Imagine that you arrive at a party, and everyone in the room is discussing the same topic. Some people are passionate and animated, some try to sound rational or conciliatory, and others appear to be mumbling to themselves. As it turns out, you also have an opinion on the subject. You might even have the urge to yell at everyone to be quiet so that you can address the entire room. However, deep down you know that wouldn’t do. It would be more polite to first get to know the crowd. You might introduce yourself and hear what others have to say. You might ask questions when you don’t understand something. Only then will you be you in a position to state your own opinion. And, when you do, you can have a real conversation in which everyone’s voice is heard.
In academic writing that conversation is called research. Research is the attempt to understand the viewpoints of others. In the process, your own ideas and opinions will evolve, and may even change entirely. When you then turn to writing an academic essay or book, you are able to express your conclusions in a way that is interactive, constructive, and respectful. And, if you do all these things, you will be the star of the party.
Scholars often split their sources into two kinds: primary and secondary sources. Here’s how to tell the difference.
A primary source is either the main focus of your discussion (e.g., a novel you’re analyzing), or it’s a source that provides first hand information about a particular topic or event (e.g., a newspaper from the time period you’re studying).
Primary sources are valued for their immediacy. For instance, when you do historical research you’ll want to hear from eye witnesses who were close to the action. Here are some common types of primary sources:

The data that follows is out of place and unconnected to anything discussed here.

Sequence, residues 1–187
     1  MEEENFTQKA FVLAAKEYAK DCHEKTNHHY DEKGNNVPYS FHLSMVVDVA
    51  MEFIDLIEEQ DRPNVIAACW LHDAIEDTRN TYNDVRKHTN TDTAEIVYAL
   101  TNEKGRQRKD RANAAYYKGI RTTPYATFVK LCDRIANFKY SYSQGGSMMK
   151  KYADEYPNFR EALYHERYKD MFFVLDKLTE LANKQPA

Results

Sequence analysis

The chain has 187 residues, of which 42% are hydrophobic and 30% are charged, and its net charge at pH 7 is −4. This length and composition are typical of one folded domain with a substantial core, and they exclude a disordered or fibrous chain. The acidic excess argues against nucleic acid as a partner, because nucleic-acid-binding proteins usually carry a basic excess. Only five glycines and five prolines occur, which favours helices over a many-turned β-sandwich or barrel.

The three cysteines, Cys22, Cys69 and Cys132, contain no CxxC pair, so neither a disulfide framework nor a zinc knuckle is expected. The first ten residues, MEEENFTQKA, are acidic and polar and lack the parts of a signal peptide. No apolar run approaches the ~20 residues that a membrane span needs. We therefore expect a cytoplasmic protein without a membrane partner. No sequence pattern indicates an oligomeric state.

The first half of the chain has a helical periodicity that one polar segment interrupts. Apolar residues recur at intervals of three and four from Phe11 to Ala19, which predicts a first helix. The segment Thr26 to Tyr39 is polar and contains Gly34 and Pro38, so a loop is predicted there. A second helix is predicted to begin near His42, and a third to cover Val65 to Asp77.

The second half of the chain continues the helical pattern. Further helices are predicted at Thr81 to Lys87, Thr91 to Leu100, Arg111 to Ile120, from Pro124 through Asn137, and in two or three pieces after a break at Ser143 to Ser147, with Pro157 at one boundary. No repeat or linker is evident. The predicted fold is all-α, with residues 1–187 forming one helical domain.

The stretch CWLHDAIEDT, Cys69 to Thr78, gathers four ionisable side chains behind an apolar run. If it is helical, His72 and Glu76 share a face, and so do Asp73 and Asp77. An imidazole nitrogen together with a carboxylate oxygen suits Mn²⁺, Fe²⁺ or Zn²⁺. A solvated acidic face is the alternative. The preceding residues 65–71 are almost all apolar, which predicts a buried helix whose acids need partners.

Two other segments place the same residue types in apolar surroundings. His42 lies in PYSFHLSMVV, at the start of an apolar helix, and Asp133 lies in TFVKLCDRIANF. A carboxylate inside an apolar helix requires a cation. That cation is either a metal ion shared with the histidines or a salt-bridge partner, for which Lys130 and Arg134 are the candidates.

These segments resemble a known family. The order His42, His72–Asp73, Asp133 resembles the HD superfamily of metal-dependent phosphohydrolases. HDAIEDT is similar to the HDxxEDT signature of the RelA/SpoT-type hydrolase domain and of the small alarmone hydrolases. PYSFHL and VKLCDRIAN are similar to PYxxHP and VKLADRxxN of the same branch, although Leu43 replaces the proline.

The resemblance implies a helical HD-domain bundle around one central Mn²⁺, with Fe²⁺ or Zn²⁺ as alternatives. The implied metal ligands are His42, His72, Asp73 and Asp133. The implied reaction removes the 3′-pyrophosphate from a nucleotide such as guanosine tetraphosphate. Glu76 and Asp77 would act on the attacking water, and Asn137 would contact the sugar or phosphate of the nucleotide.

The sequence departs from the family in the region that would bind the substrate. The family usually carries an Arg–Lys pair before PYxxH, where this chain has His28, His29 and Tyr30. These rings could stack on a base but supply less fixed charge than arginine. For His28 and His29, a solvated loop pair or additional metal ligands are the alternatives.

Secondary sources are a kind of commentary on primary sources. For example, if I write an analysis of a Shakespeare play I’m producing a secondary source. Here are some more examples:
These lists are not exhaustive, and there is often considerable overlap between primary and secondary sources. For instance, how would you characterize an older work of criticism (say a medieval commentary on Aristotle)? Obviously, the lines get blurred a little, but the main point is that good research is about finding the best sources–which often means looking for primary sources that get us as close to the action as possible.
As you incorporate your research in your writing, you’ll need to decide on the purpose of each source. Here are some of the most common ways to use a source:
Proof. By citing or quoting from a source you can demonstrate that you have sufficient evidence for your argument.
Agreement. You can explain what parts of the source meet your approval.
Background. Perhaps you just want to add some flavour or context to your writing. You can do this by providing background information.
Clarification. Sometimes a source says it better than you can. Alternatively, sometimes your source provides additional perspective and broadens the point you’re making.
Advancement. It can happen that you agree with your source, but you want to share how the insight gained might be applied in a new context or in a different way.
Disagreement. When you find sources you disagree with, you can point out their inaccuracies and shortcomings.
Once you’ve decided how you want to use your source, the next step is to interact with the source in your writing. This is where you have to decide how important the source is to your argument. If your source illustrates a minor point, you might be content with a quick mention or a paraphrase. You might even relegate the source to a footnote. If you source is absolutely central to your argument (say your entire essay is a reply to one person’s opinion), you’ll need to introduce it early and spend some time explaining why your audience should care.